The end of Moore\’s Law

Interesting piece about how silicon fabs ar getting more and more expensive and so we might see Moore\’s Law slow down.

I\’m not sure he\’s entirely right in detail, I think there might be some confusion between cramming the transistors on closer together and using bigger disks to make the chips from. From what I understand it\’s that latter that dramatically raises the costs.

Still, I think there\’s one huge thing missing from his piece:

Moore\’s law has seen computing power grow exponentially for 40 years – but soon economics, not physics, may stop it.

He\’s using the word \”economics\” there to mean huge costs. But buried in there is the real argument, that the huge costs are indeed there but no one is sure that they can sell enough of the new chips to make those costs worthwhile. That is, the proper economic point being that the costs will be greater than the benefits (or the benefits the consumers are willing to pay for perhaps) and thus this is an investment that we don\’t in fact want to make. That is, economisc is stopping us from wasting scarce capital.

3 comments on “The end of Moore\’s Law

  1. What affects costs most is yield: the number of live chips to dead ones. This is dependent on the size of the chip and the size of the wafer: a flaw in the silicon on a big wafer of small chips knocks out only one of many. A flaw on a small wafer knocks proportionally more. The size of the chip is, of course, dictated by the size and number of transistors.

  2. I think Moore’s law is quite specifically about the density of transistors. Those who anticipate its imminent end often fail to predict new techniques.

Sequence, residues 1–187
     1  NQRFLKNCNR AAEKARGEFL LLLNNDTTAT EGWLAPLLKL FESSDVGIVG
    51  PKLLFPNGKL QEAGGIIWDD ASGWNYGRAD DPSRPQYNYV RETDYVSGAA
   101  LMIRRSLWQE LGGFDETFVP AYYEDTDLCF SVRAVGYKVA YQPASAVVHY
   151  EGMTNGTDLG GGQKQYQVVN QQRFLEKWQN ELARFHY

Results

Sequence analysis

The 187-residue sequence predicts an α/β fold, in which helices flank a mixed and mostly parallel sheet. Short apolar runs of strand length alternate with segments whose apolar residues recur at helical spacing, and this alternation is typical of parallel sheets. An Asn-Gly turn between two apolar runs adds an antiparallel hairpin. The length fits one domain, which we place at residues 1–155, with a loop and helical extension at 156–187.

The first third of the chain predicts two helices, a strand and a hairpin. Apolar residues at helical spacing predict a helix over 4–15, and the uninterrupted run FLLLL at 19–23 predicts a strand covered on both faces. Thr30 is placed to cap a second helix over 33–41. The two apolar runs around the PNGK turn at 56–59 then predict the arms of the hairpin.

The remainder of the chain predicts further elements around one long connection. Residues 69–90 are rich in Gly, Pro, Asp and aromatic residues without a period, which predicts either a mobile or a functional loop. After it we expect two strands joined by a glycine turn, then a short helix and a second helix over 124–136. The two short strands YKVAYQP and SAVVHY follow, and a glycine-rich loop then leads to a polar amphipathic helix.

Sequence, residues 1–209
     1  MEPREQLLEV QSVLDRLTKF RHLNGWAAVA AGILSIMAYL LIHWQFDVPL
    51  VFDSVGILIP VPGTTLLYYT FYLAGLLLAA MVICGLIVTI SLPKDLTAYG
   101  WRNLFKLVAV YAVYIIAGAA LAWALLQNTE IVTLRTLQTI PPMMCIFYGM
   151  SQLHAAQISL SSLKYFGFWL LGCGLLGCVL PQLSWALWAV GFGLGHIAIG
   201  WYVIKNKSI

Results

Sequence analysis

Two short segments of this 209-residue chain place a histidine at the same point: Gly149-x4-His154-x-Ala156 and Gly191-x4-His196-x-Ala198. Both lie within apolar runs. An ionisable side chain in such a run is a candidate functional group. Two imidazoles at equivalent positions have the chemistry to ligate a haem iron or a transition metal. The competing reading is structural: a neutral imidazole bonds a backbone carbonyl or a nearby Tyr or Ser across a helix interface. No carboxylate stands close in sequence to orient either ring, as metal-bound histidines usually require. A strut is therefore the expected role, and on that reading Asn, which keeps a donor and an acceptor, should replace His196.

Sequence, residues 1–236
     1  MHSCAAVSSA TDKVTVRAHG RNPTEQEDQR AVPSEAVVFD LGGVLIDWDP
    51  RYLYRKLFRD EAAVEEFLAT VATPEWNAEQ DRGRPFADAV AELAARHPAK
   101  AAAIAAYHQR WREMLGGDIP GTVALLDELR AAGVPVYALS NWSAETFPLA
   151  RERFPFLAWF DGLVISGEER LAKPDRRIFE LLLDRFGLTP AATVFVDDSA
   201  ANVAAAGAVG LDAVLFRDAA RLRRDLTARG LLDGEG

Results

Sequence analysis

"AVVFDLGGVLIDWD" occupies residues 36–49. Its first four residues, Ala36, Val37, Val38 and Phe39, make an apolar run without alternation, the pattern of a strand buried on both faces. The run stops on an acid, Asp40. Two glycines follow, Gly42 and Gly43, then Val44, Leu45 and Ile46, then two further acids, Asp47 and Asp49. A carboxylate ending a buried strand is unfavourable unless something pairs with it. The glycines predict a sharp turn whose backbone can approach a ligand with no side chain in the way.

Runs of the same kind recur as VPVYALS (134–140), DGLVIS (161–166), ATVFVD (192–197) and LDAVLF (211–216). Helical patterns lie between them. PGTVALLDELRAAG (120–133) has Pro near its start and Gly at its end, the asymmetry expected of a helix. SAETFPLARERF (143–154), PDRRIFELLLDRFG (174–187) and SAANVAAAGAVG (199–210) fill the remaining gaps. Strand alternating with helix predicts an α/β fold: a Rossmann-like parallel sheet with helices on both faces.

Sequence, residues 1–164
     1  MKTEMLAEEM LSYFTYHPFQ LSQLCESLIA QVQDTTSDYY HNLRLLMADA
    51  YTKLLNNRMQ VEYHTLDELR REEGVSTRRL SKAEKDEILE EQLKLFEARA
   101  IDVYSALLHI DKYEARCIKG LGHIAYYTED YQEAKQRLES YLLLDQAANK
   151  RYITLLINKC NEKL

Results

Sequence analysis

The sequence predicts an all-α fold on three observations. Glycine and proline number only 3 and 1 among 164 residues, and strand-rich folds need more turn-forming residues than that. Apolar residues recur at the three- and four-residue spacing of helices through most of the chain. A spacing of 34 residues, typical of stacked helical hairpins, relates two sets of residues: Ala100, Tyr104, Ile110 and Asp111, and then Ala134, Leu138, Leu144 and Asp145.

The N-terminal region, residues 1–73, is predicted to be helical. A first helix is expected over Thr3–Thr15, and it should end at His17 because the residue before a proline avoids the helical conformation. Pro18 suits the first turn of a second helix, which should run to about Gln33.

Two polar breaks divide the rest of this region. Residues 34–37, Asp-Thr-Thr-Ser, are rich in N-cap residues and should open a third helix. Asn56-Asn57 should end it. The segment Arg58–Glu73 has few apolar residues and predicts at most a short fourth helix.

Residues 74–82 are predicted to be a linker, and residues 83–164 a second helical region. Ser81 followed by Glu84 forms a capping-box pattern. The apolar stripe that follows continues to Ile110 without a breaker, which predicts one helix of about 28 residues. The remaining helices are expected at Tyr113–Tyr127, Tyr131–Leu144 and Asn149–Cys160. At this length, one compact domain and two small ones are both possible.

Ray Kurzweil points out that Moore’s law is part of a bigger picture of increasing computing power, traces exponential growth back to mechanical computers, and considers new technologies like vacuum tubes and silicone transistors the paradigm shifts that broke the limits of their preceding technologies.

    So I suppose Moore’s law might come to an end but don’t see any reason for computers in general to stop getting more powerful.

    As for costs and benefits, I can *imagine* infinite benefits — like being able to live forever in a universe of your own creation — from theoretically possible computers. So I don’t see an endpoint where everyone is content with what they have.

    What might cause trouble are what might be called local minima in the cost/benefit curve between here and there. Sort of like space travel not catching on because although you *could* make lots of money mining the asteroids, intermediate technology you need to develop first isn’t cost effective.

    I’d like to think that development would just slow down — space flight continues to advance, even if slowly — but I suppose it’s possible we could get stuck in a cost benefit minima, which would be disappointing.

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